Summer is the ideal time for kids to get up, get out and explore. But for some kids, summer means no access to recreational and educational activities to help them learn, grow and thrive during out-of-school time. Attending YMCA summer camp is a wonderful opportunity for kids to keep their minds and bodies active. The difficulty comes in choosing the right camp for your child. Here are some tips to help you schedule camps that will keep your child active, socializing and learning all summer long.
Before you begin your summer camp search, you need to have an idea of what you’re willing to spend and you’ll also need to know the number of summer camp weeks you’ll need for your child. For some families summer camp replaces daily childcare services and for others camp fills an occasional week or two. Knowing how much camp time you need to schedule as well as how much you can afford will help you narrow down your summer camp search. Some camps also offer financial assistance or summer camp scholarships so be sure to look for those, too, if needed.
Some parents need a summer-long, weekly camp experience that will provide child care while they're at work. Kids in camp all summer long will need a variety of activities to keep them interested and having fun week after week. Other parents want to use summer camp as a way to grow a selected skill set or hobby for their child such as soccer, art, or STEM skills. Narrow your search down by deciding on your main goals for a summer camp experience.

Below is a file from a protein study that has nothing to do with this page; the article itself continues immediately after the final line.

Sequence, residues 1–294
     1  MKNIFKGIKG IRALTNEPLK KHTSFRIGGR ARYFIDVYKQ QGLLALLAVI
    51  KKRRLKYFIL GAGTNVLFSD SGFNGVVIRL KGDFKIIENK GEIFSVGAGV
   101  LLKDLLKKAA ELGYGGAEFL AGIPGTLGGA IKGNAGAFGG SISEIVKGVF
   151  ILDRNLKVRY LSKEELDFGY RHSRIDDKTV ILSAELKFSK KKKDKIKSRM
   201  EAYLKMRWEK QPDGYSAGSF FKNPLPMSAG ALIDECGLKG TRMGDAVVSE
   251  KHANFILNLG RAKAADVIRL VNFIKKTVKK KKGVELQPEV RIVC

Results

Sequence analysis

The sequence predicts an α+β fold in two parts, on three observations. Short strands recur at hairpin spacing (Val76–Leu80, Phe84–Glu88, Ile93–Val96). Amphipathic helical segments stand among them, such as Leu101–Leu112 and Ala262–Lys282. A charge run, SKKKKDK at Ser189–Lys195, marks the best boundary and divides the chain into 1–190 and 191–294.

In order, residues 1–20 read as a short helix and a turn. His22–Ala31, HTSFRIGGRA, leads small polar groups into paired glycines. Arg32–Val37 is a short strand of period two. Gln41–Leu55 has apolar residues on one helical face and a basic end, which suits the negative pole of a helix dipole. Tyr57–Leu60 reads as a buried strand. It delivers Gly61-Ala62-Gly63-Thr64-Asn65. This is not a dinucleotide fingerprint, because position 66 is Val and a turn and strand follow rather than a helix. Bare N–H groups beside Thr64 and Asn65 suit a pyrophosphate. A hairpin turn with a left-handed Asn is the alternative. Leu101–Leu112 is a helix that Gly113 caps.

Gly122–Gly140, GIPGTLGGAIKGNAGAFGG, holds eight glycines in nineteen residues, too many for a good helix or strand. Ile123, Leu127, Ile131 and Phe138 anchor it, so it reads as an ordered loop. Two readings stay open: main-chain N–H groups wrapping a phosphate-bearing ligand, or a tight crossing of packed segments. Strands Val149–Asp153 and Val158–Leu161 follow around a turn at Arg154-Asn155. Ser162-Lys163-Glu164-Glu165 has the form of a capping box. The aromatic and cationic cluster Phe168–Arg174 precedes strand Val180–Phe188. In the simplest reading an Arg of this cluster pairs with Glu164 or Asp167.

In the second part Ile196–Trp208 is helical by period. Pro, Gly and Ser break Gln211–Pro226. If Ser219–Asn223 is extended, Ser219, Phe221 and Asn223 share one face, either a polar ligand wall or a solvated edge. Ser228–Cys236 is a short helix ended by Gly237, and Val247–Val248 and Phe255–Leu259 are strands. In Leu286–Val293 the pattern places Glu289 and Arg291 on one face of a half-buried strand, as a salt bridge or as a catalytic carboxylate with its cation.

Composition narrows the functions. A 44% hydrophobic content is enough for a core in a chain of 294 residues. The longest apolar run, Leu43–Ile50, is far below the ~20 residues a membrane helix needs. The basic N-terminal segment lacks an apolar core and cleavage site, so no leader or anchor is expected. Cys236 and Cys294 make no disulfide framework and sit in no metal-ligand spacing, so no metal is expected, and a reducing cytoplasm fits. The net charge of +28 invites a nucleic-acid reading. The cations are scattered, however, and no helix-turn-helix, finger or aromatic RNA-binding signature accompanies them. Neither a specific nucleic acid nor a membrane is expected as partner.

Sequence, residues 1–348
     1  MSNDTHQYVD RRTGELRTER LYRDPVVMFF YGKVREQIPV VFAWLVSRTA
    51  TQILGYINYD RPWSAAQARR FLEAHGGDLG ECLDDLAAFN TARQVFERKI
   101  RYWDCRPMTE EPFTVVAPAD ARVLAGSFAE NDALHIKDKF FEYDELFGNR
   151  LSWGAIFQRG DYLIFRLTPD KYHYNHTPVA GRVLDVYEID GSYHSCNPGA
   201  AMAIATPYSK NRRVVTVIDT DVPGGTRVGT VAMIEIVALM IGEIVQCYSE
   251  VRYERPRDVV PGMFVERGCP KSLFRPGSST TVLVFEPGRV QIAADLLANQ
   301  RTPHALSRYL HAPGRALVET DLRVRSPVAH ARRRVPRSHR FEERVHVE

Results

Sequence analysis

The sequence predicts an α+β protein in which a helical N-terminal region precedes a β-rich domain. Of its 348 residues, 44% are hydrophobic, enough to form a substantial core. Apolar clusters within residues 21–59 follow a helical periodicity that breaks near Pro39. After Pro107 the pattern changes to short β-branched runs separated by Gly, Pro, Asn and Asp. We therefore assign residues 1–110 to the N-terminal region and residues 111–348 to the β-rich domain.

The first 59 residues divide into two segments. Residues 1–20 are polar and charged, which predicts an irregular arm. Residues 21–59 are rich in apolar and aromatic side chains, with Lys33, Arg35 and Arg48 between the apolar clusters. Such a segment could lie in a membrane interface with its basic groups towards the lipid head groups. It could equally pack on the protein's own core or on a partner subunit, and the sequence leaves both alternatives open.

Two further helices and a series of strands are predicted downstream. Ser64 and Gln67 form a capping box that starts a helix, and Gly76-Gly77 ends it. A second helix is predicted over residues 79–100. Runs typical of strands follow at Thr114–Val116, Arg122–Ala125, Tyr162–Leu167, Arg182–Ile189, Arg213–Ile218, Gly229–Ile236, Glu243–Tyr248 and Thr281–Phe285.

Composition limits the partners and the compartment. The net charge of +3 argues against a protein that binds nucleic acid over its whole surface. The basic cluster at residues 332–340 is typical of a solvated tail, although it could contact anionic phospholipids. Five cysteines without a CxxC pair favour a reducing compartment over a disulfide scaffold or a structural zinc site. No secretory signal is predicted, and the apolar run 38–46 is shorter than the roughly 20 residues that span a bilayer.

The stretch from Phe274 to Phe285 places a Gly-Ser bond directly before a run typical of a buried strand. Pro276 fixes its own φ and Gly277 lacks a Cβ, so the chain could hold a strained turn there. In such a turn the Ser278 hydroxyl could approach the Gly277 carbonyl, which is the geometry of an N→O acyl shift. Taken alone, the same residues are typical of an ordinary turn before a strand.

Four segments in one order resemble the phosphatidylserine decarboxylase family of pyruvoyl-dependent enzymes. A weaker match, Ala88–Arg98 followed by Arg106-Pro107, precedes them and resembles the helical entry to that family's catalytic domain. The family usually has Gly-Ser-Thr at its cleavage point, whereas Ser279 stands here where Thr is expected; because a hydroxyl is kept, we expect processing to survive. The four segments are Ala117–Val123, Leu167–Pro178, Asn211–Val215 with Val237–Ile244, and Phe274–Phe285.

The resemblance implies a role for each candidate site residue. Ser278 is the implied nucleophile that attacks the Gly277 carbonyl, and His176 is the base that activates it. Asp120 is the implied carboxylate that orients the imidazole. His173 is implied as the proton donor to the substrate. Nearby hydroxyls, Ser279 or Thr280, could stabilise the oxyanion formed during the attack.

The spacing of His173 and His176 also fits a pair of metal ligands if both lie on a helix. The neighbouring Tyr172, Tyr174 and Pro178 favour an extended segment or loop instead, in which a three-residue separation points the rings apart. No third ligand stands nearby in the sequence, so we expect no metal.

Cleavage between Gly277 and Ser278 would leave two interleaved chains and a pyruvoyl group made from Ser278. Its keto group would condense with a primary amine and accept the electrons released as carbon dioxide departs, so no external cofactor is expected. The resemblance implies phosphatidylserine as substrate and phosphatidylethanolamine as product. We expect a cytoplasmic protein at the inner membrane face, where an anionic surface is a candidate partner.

Trying something new and different is often scary for a child and summer camp can overwhelm some kids. Make going to camp easier by finding a summer camp that has a minimum of one activity that your child is interested in. Whether it’s making sure there is swim time every day, or signing them up for art camp they love, it can be easier for a child when they know the day will include an activity they love to do.
There are an assortment of summer camp experiences from day camp and overnight trips to week-long resident camps and even wilderness expeditions. It’s important to be realistic about what both you and your child are ready for. Younger children may enjoy the half-day or day camp experience while older youth may be have more independence which makes resident camp or overnight camp fun for them.
If you're interested in signing up for summer camp at a specific organization, go say hi as soon as possible! Checking out a summer camp location prior to registration means you have firsthand knowledge of the location and setting, and you can determine whether or not it will be the right place for your child. Places like the YMCA provide programs all year long that are then highlighted at camp. Getting involved before summer camp allows you and your child to become familiar with the facility and the staff, potentially making summer camp even more fun.
For more information about summer camps at Countryside YMCA, visit the website.